Resolution Action: Kitchen, The Re-install

Our kitchens have been a hot mess long enough. Monday, we started pulling and sorting all non-food items.  Tuesday we addressed the area underneath the kitchen sink. Yesterday was all things food.  Now...we put everything back! When thinking about where to put everything back, think about how you cook the easiest. Place items that you'll use often - pots/pans, serving items, and dry goods/spices closest to the stove. The less you use something, the further away it can be. Use high, awkward places for things you don't use often but still belong in the kitchen.

On your counters, keep out only what you use daily or almost daily. Put other small appliances away and only bring them out for use. This keeps counters clean and available for food prep. Not to mention how much neater it looks!

A couple of common problems I see and solutions:

  • Shelves that are long and narrow - use baskets to hold the goods. That way you can pull them out to see everything in a shelf. You can also install pull-out systems that accomplish the same purpose.
  • Shelves that are too tall - Add in wire shelves to bridge the gap and take use of the otherwise dead space.
  • Lazy Susans are fantastic to see everything in a small cabinet or pantry.
  • Spice options - I love the little stair-step shelves to place spices on. It makes them easier to see. If you do this, get solid plastic over wire. The little bottles tend to lose their balance on wire. Another idea that I absolutely adore came from a chef friend of mine. She velcros the spices to the inside of a cabinet door. This makes everything neat, organized and super-easy to see everything you've got. You can also use magnetic strips and small, round canisters. This is particularly handy because you can pop out the spices you're going to use for a particular meal and stick them to the fridge.  
  • Don't have a lot of room for your pots, pans, small appliances? Use the pantry. Pantries don't have to be food only. If you create a weekly meal plan, you don't need a huge reserve of food in your pantry.  I often see homes with just one or two people living there, but the pantry would lead you to believe they're feeding a small army. This is how food ends up wasted. Another great option if you've got the ceiling height and room for it is to use a hanging rack. Taking advantage of height is one of my favorite ways to give small spaces more storage. Just be careful with this option - make sure it's hung strong enough to bear the weight and high enough to not hit your head.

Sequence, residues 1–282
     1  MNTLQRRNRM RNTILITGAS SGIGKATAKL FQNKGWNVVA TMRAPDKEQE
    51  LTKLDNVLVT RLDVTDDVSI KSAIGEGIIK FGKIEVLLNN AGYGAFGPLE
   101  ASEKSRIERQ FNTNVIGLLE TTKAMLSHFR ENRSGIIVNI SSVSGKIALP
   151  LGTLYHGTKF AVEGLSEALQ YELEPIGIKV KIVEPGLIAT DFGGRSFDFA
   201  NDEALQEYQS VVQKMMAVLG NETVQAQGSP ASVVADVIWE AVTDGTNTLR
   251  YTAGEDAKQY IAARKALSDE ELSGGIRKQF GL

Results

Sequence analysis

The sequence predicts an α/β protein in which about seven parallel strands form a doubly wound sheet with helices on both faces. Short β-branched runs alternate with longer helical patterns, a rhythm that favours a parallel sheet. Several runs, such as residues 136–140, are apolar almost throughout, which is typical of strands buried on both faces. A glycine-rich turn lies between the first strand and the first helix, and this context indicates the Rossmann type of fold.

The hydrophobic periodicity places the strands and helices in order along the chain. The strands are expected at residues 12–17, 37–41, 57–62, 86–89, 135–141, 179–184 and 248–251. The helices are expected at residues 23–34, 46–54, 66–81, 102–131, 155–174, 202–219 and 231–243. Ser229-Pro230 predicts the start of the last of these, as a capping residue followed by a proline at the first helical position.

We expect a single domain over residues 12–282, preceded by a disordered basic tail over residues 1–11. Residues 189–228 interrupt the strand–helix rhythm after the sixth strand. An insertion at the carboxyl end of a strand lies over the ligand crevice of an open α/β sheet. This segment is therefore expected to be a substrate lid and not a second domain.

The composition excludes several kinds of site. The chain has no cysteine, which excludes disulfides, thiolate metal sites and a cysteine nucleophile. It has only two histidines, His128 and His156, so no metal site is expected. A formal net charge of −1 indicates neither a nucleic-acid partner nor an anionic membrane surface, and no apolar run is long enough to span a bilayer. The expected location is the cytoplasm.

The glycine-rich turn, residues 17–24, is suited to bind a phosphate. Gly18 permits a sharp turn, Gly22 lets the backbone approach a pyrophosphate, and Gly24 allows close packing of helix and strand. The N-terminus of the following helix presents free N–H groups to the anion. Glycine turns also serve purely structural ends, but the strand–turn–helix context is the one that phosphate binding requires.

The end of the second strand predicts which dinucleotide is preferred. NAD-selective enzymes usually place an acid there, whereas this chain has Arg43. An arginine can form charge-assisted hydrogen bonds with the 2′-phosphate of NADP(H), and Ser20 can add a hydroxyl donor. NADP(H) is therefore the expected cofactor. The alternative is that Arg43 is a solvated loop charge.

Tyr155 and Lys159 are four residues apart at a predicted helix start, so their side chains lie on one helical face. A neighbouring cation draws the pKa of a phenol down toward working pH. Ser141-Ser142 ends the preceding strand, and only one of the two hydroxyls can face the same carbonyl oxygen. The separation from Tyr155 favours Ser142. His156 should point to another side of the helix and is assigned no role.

• If you're lacking in cabinet space for dry goods, you can always store food in canisters on the countertop. Personally, I hate them but I also had to resign myself to using them to make the best use of my teeny kitchen. I use clear so it's a little less "visible."  

In my line of work, I see two major problems - big kitchens that are awkwardly laid out and small kitchens with two much stuff. There isn't a lot that can be done to mitigate poor lay-outs. I always just make the best of what is given us and make it work.  Now if you have a small kitchen, you HAVE to have less stuff. There are just no two ways around it. Less room means less stuff. Meal planning helps tremendously because you just purchase what you need for the week and it doesn't have to take up a lot of room.

I'm going to give you a little hint - I hear people lament all the time about a kitchen that is too small, but I personally think you have the advantage. Everything you need is just at arms length.  Nobody built in a beautiful spice rack 15 feet away from where it'd actually be used. (I turned that spice rack into wine glass storage and put the spices in a teeny cabinet next to the stove.) If you forgot to pull something out while you were preparing for a recipe, you barely have to move to find/grab what's missing. Small, organized kitchens are fabulous.

Once you're done, leave a comment below to tell me what you did!